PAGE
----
CHICAGO -- For Clayton Kershaw, narrative met reality in Game 6 of the National League Championship Series.
After making so much progress this postseason to erase the notion that he can't pitch in October, Kershaw showed up to Game 6 without a curveball, and the Cubs made him pay. They coaxed 93 pitches in Kershaw's five fruitless innings on Saturday, scoring in four of those frames on the way to a pennant-clinching, 5-0 win at Wrigley Field.
The Cubs are going to the World Series. Kershaw and the Dodgers are going home.
"Tough to swallow tonight, obviously, but I'd much rather be in this situation and fail than not be in this situation at all," Kershaw said. "As much as this does hurt, and as much as I would have liked to win tonight, I'm really thankful to be on a team that has got to be in the postseason four years in a row, and really thankful for that group in the clubhouse that has your back in these situations, and thankful I get to come back next year and try again."
Six days earlier on the same field, Kershaw pitched seven scoreless innings in a 1-0 Dodgers win in Game 2. Saturday was different. Dexter Fowler led off the bottom of the first inning with a double, Kris Bryant smacked a sharp single and Kershaw was in a 1-0 deficit after seven pitches. After Dodgers left fielder Andrew Toles dropped a fly ball for a costly error, Ben Zobrist's sacrifice fly made it 2-0 as Kershaw logged his first out.
Fowler singled home another run in the second inning and Willson Contreras and Anthony Rizzo hit solo home runs in the fourth and fifth, respectively.
Before he could throw a pitch in the sixth, Kershaw's outing, and his injury-interrupted season, was over. He fell to 1-3 with a 6.28 ERA in five career postseason elimination games.
"I think sometimes there's a fine line in pitching where you try too hard and it actually works against you," Dodgers pitching coach Rick Honeycutt said. "I'm not speaking for him, but he was obviously amped up and wanted to be there, and you saw in the first inning -- the high sliders, where they took the ball the other way with a couple of pitches, where we dropped the ball.
"Nothing started out well."
Over in the Cubs' dugout at the same time, "I think everybody took a deep breath," Fowler said. "You never know how it's going to start, but once that dude gets his momentum, Kershaw, he keeps it going. We tried to take that out."
There were many ways to count how the Cubs did just that. Here are some of them:
• As noted by ESPN's Jayson Stark, Kershaw had not allowed more than one run in a first inning since June 27, 2015 -- 44 starts earlier, including his starts in the postseason.
• Fowler's double in the first inning and Addison Russell's double leading off the second gave the Cubs as many extra-base hits in one-plus inning as Kershaw surrendered in his first 19 1/3 innings this postseason.
• In part because of Toles' untimely error -- he said he lost the ball in the lights after checking for center fielder Joc Pederson -- Kershaw needed 30 pitches to navigate the first inning. He got through the first three innings of Game 2 on 31 pitches.
• The Cubs took one at-bat with runners in scoring position in nine innings against Kershaw and Kenley Jansen in Game 2. They had eight such at-bats through the first three innings of Game 6.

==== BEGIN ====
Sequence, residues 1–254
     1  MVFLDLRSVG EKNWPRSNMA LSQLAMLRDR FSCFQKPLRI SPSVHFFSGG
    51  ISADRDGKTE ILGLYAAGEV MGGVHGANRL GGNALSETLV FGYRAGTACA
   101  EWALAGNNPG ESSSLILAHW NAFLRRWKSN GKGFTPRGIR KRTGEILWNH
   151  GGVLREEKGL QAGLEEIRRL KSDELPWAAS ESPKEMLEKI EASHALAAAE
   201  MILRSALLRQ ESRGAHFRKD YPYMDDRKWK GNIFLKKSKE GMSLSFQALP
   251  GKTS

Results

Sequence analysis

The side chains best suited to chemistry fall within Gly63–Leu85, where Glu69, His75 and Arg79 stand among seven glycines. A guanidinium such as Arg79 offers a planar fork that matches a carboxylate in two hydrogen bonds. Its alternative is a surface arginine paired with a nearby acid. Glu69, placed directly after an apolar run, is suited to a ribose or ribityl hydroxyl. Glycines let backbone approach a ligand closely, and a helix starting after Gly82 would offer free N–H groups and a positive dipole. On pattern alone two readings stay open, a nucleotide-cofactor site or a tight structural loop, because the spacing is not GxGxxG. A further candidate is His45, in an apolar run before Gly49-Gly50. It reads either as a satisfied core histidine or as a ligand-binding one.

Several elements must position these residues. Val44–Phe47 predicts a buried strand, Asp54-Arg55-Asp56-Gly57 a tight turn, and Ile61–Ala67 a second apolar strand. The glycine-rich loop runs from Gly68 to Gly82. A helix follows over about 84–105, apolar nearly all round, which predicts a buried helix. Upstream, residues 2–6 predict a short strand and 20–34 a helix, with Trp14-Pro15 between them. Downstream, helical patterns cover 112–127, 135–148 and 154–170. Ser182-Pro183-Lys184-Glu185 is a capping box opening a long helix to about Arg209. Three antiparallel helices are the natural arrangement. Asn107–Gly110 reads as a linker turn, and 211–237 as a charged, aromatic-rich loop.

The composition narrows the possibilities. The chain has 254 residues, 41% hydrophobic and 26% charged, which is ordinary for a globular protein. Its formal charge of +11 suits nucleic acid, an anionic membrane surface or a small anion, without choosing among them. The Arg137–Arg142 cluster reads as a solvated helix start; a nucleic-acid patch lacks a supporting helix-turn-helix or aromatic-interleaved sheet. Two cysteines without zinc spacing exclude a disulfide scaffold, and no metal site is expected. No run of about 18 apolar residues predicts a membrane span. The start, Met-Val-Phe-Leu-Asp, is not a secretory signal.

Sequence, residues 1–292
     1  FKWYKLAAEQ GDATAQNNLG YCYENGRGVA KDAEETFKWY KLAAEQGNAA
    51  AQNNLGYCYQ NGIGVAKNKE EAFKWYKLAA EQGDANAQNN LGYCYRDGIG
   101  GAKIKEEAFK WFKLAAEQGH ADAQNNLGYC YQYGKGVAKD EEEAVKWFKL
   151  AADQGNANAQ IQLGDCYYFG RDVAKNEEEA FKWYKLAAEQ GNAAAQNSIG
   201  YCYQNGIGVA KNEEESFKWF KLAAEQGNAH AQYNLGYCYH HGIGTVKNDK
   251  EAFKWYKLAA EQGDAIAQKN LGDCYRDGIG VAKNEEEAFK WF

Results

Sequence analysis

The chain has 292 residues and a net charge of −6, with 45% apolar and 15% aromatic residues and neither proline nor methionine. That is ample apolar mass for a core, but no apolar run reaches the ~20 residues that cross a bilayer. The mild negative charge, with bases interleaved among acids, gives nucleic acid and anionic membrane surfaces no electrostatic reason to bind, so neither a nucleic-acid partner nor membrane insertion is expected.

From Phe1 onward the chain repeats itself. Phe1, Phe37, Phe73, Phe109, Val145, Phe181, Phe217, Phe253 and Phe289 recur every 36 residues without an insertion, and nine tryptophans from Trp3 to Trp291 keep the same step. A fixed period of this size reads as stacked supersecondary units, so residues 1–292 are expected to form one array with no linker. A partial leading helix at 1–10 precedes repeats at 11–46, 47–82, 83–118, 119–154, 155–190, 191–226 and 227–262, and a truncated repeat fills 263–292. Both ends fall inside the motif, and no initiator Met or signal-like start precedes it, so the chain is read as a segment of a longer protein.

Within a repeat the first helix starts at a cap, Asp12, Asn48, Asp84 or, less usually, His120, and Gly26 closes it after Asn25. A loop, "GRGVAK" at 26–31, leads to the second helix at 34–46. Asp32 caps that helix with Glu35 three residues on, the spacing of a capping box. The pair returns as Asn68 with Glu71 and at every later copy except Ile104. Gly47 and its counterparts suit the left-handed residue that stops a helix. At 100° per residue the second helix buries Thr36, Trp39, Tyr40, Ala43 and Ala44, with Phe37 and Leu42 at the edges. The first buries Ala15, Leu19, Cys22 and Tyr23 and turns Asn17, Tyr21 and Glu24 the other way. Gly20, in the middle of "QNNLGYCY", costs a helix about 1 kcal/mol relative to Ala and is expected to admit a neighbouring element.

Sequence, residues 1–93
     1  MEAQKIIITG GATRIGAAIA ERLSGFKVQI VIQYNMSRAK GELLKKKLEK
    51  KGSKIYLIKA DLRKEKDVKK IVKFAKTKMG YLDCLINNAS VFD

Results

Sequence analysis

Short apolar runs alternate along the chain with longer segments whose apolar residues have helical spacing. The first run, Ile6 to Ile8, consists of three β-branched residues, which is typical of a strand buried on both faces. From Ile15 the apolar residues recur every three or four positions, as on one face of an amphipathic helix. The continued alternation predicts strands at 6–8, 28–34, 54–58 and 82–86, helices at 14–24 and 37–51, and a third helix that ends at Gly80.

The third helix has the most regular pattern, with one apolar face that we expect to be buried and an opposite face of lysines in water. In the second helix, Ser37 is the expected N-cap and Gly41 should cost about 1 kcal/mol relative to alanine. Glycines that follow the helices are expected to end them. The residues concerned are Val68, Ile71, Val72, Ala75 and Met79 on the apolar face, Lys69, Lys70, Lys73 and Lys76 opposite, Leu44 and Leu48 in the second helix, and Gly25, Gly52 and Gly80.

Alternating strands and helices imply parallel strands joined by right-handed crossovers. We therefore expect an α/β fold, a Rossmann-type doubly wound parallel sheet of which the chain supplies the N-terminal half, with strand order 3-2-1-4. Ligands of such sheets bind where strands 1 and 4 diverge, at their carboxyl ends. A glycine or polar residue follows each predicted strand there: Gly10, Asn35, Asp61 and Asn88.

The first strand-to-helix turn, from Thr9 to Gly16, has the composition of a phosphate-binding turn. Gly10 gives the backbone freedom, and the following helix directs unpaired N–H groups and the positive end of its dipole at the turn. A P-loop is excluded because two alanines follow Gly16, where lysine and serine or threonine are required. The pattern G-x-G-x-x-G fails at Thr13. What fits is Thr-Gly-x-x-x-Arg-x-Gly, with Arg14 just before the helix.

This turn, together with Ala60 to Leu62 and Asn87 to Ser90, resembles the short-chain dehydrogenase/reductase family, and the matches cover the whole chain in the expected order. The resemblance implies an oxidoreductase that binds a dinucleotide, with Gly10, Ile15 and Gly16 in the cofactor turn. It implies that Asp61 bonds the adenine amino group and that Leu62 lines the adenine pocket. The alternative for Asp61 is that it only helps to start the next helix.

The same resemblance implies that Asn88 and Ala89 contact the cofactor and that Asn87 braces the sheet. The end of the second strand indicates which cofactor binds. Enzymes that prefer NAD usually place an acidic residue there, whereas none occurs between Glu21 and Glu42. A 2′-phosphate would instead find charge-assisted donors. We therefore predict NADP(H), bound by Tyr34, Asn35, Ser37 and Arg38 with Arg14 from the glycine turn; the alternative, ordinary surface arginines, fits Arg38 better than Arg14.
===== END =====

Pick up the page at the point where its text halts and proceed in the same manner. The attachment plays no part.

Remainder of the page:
• Kershaw could not throw a curveball for a strike, an occasional problem, Honeycutt said, since the lefty returned from his back injury. He threw 15 curveballs among his 93 pitches, and the Cubs didn't swing at any of them. Only one was a strike, a curve to Bryant in the fifth. It was Kershaw's 12th curveball of the night.
"They could basically eliminate that pitch, so I had two pitches, and just the command wasn't quite as good as it was the other day," Kershaw said. "You get out of that first inning, give up two, and you feel you've got a chance. They just kept tacking on runs."
For Kershaw, it was a tough end to a tough season. When he pitched, he was terrific as usual; 12-4 with a 1.69 ERA and a .184/.204/.268 opposing slash line in 21 starts. But he missed 2 1/2 months with a back injury before returning Sept. 9 and gutting through the remainder of the season in a somewhat compromised state.
That did not show in Game 5 of the NL Division Series against the Nationals, when Kershaw recorded a two-out save, two days after throwing 110 pitches in a start. Or in Game 2 of the NLCS three days later.
Saturday marked the first time in Kershaw's five appearances in the 2016 postseason that the Dodgers lost.
"To me, what he did -- he could have easily not been here right now with his back," Jansen said. "How he sacrificed himself and worked hard, knowing that's not 100 percent 'Kersh,' he still battled. I'm proud seeing him out there. Today wasn't his day, but he battled. He battled all the way through."
Did the workload catch up to Kershaw?
"Who can say? Everybody [with hindsight] can say whatever," Honeycutt said. "The fact of the matter is, he's our best."
Kershaw, for the record, said he felt strong. With rest, he will spend the offseason getting stronger.
"Obviously, you're upset tonight," Kershaw said. "The end goal is to win the World Series. [But manager Dave Roberts] reiterated not to hang heads, that this was a season we can be proud of. Without reaching our goal, there were a lot of things we can be proud of."
Adam McCalvy has been a reporter for MLB.com since 2001. This story was not subject to the approval of Major League Baseball or its clubs.